After AMD showcased a quad core processor under $100 in the last generation, it takes a lot of chutzpah to offer an eight core processor for $449 – AMD stands by its claims that this processor offers substantial generational performance improvements. The new AMD Ryzen 7 5800X, with eight cores and sixteen threads, is set to go up against Intel’s Core i7-10700K, also an eight core / sixteen thread processor.
The Ryzen 7 5800X has a base frequency of 3800 MHz and a rated turbo frequency of 4700 MHz (we detected 4825 MHz), and uses a single eight-core chiplet with a total 32 MB of L3 cache. The single core chiplet has some small benefits over a dual chiplet design where some cross-CPU communication is needed, and that comes across in some of our very CPU-limited gaming benchmarks. This processor also has 105 W TDP (~142 W peak).
The Ryzen 5 5600X: 6 Cores for $299
The cheapest processor that AMD is releasing today is the Ryzen 5 5600X, but it is also the only one that comes with a CPU cooler in box. The Ryzen 5 5600X has six cores and twelve threads, running at a base frequency of 3700 MHz and a peak turbo of 4600 MHz (4650 MHz measured), and is the only CPU to be given a TDP of 65 W (~88 W peak).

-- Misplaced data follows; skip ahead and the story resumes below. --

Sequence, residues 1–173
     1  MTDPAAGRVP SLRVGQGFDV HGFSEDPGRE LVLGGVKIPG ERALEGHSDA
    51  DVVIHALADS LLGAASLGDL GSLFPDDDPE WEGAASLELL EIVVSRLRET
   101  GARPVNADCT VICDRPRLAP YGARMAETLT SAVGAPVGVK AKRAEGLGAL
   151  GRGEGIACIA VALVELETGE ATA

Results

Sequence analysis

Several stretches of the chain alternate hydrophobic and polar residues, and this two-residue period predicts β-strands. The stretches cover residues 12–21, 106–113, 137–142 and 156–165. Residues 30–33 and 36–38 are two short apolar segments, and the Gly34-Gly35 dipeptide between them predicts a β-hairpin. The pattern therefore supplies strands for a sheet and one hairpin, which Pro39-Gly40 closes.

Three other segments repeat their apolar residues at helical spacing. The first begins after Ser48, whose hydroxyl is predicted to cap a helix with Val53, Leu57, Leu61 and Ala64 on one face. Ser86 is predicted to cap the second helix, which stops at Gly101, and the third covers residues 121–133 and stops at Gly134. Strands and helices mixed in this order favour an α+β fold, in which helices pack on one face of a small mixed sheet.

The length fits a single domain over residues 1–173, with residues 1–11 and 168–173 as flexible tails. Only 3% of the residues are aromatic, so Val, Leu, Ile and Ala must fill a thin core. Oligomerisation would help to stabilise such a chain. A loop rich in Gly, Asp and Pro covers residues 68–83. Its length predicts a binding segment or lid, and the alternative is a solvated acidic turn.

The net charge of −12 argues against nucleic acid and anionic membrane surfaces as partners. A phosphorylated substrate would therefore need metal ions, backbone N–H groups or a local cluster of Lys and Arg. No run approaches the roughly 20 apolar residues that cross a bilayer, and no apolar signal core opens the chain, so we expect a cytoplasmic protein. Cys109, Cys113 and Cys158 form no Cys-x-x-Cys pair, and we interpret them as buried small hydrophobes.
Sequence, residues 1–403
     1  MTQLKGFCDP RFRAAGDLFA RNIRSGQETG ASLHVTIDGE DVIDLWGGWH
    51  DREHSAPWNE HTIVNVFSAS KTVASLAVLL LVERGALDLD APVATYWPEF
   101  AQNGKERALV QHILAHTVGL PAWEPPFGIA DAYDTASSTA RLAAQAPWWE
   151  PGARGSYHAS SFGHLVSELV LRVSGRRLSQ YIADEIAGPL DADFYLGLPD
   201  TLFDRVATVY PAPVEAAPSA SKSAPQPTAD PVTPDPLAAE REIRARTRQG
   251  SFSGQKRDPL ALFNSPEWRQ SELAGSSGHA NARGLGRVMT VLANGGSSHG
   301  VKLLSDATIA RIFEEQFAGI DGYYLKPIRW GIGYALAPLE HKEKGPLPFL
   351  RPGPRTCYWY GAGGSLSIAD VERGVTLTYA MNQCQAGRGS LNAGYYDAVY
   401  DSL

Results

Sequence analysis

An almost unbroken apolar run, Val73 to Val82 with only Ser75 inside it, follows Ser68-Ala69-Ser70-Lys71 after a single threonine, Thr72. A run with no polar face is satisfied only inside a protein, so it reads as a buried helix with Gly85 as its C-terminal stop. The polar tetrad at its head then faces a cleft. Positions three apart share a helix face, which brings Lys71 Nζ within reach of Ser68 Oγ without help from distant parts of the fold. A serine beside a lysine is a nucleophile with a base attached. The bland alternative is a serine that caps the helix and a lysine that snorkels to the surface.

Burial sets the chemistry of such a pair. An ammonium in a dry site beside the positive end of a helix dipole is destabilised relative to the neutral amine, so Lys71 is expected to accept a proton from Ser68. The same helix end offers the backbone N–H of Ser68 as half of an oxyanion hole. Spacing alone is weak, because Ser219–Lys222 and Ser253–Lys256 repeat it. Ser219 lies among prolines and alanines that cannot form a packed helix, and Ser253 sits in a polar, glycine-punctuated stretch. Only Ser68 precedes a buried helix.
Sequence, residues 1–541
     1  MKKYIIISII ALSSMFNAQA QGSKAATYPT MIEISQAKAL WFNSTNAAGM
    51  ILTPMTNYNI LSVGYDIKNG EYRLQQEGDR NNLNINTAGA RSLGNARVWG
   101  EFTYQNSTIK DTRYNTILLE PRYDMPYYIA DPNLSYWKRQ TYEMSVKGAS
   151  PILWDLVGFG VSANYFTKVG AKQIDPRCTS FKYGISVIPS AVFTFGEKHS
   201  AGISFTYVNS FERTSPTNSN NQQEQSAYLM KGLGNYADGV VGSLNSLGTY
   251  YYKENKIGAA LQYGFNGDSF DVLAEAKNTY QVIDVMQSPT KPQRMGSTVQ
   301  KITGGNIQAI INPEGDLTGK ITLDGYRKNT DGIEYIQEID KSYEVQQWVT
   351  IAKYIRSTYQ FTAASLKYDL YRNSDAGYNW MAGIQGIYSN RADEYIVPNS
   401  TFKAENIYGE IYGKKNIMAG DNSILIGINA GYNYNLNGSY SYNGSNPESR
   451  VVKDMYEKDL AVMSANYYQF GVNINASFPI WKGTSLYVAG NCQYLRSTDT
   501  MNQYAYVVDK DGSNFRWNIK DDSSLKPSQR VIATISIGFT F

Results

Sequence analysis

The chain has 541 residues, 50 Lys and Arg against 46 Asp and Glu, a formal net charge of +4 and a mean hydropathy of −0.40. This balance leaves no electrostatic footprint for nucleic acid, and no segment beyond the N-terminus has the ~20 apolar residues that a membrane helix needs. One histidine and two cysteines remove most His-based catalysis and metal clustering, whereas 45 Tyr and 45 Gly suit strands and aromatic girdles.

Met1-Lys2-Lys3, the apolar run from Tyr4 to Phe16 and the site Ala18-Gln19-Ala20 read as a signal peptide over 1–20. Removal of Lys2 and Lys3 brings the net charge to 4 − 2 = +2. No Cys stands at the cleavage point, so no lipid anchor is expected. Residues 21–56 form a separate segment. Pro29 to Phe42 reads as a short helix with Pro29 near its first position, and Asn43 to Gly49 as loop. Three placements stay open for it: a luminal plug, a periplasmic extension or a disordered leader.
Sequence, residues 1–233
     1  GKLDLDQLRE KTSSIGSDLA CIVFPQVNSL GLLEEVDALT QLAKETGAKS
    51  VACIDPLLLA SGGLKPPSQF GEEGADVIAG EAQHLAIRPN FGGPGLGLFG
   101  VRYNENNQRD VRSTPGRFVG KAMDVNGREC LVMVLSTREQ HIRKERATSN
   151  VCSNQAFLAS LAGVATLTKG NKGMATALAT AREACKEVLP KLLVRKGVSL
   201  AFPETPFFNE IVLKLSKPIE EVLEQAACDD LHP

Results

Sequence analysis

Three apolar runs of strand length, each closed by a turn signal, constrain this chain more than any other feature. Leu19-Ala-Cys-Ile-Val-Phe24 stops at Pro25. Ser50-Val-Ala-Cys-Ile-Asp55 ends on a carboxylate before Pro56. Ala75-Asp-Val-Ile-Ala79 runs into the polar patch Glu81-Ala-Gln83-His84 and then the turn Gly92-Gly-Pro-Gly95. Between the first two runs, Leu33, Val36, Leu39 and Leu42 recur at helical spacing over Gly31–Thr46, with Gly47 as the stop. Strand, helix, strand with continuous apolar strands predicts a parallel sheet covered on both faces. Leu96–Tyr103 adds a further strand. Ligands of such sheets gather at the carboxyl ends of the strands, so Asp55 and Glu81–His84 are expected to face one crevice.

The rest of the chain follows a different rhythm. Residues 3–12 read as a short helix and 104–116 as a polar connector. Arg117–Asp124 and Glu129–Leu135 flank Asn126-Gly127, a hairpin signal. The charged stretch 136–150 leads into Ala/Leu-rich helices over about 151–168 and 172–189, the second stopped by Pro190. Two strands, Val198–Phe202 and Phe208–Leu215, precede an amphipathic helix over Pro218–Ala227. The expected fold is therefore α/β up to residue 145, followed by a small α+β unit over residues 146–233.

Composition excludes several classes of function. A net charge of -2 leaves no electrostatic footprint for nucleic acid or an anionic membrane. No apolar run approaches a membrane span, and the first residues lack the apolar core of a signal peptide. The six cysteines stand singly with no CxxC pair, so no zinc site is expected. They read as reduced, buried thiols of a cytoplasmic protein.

The single chiplet design means 32 MB of L3 cache total (technically it’s still the same that a single core can access as the Ryzen 9 parts, more on that later), and will be put up against Intel’s six-core Core i5-10600K, which also retails in a similar ballpark.
Despite being the cheapest and technically the slowest processor of the bunch, I was mightily surprised by the performance of the Ryzen 5 5600X: similar to the Ryzen 9 5950X, in single threaded benchmarks, it completely knocks the socks off of anything Intel has to offer – even Tiger Lake.
Why Ryzen 5000 Works: Chiplets
At a high level, the new Ryzen 5000 'Vermeer' series seem oddly familiar to the last generation Ryzen 3000 ‘Matisse’ series. This is actually by design, as AMD is fully leveraging their chiplet design methodology in the new processors.